[Libreoffice] Patch handling guideline

Kevin Hunter hunteke at earlham.edu
Mon Feb 21 17:59:10 PST 2011

At 2:40pm -0500 Mon, 21 Feb 2011, Kohei Yoshida wrote:
> http://wiki.documentfoundation.org/Development/Patch_Handling_Guideline
> to help us develop some sort of guideline in order to handle this
> ever increasing amount of in-coming patches.  The page is intended
> for both those who submit patches, and those who review&  push them.
> This page is only 2 hours old, and my hope is to get this page
> developed further into a full-fledged guideline.

Good work, Kohei!  The unfortunate reality is that administration of a 
project is just as important as the project itself.  This page, though 
unfortunate that it took away time from the fun part of coding, is very 
important.  Kudos.

A minor to note: the last section, titled "Reply to the thread with 
[PUSHED] tag", talks about a feature of mail clients that is apparently 
sometimes lacking.  If this is the preferred method for working with 
these patches, be prepared for some pushback from folks who work with a 
client that doesn't implement the In-Reply-To header.  I personally 
agree with you, and would not-so-humbly suggest folks change mail 
clients for that one feature, but just a heads up to be prepared.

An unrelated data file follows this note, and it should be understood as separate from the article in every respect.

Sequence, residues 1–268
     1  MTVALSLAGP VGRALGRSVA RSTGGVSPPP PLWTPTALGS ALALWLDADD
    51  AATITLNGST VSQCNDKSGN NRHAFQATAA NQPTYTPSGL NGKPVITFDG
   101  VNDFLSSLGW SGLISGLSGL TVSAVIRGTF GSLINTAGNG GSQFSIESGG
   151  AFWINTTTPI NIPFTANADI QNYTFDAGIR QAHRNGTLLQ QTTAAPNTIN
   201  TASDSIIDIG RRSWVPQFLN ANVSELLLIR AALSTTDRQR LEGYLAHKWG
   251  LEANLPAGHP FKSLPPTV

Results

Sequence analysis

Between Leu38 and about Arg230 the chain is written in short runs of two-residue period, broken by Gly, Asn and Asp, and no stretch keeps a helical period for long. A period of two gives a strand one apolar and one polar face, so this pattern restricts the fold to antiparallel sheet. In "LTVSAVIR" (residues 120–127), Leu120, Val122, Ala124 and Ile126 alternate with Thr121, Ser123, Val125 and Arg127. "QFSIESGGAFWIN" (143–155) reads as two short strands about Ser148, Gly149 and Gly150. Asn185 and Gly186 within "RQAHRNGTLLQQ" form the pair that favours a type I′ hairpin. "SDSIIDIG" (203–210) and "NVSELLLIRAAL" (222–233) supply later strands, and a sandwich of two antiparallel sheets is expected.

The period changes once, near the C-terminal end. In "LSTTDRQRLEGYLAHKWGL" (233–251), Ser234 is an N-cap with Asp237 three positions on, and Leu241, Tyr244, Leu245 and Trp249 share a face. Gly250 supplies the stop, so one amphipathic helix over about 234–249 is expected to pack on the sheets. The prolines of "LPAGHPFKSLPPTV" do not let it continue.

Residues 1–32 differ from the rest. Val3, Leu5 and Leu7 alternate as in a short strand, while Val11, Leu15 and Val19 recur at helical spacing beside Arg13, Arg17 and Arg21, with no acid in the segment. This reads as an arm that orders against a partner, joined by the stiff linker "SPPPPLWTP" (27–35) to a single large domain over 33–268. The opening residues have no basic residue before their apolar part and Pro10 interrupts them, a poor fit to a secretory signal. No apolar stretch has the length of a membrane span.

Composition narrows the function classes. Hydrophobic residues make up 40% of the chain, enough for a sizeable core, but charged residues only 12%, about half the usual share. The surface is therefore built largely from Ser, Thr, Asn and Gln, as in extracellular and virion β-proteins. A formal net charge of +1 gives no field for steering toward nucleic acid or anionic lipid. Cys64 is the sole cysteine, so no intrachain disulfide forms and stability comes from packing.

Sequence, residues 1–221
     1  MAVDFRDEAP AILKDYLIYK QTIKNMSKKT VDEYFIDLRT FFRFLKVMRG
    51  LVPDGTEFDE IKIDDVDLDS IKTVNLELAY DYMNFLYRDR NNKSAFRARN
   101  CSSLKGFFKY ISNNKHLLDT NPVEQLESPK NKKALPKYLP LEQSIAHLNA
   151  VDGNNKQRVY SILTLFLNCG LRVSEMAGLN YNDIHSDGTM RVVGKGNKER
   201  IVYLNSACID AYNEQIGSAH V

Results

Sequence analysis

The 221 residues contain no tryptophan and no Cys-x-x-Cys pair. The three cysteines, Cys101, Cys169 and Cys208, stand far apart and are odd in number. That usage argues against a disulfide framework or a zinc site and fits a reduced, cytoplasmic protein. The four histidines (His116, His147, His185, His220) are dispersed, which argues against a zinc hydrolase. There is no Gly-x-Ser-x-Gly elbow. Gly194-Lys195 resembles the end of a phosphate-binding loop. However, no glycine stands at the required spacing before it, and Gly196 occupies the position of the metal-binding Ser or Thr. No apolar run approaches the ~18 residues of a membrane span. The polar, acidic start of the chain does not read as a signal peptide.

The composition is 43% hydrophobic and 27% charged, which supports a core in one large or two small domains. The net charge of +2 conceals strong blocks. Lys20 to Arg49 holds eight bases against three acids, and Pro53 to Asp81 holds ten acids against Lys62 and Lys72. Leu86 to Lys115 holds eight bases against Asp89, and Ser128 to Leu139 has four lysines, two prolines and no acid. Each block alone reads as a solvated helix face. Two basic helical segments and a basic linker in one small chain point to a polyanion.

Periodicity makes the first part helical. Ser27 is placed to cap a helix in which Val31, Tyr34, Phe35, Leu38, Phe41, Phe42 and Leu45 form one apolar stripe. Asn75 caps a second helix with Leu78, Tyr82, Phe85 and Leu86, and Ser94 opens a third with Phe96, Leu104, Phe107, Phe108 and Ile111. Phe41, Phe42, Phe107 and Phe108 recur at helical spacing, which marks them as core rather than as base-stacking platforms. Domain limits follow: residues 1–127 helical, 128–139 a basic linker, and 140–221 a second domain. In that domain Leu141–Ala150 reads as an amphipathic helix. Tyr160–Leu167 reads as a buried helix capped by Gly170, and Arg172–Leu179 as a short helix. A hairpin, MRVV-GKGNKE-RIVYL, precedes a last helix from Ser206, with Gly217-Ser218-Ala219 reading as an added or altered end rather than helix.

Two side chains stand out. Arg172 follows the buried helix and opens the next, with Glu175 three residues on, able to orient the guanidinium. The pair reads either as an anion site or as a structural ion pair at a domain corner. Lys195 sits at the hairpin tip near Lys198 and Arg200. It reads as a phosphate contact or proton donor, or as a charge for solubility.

> Also, until now, only a handful of core developers have been
> reviewing patches. However, this obviously does not scale with this
> increasing number of patches to review (unless the core devs have
> nothing else to do than reviewing patches, which unfortunately is not
> the case). So IMO anyone with commit access with reasonable
> experience working with the code base should be able to review
> patches& are encouraged to do so.

Great idea and thought process.  After pointing out that I'm not 
currently one with commit access (and don't deserve it yet, either), 
I'll say I concur with your opinion.  This has the two-fold effect of 
freeing up more core-dev time and educating others.  Analogous to how 
one learns a concept much better when teaching it, so too will folks 
learn the code base better when reviewing other's patches.  Some 
mistakes will be made, but that's what working in a group is for, as 
well as tests-galore.  As the committers for this large project are 
still yet small in number, any deliberate and conscientious education of 
a younger crew (like myself!) will be the long-term lifeblood of LO.

> I'd like to know what others think of the current situation, and if
> there is a good way to handle this. Feedback appreciated.

I don't think it's time yet, as we are still largely in a cleanup phase, 
but one approach that has worked very well for the Postgres project is 
the idea of a Commit Fest.




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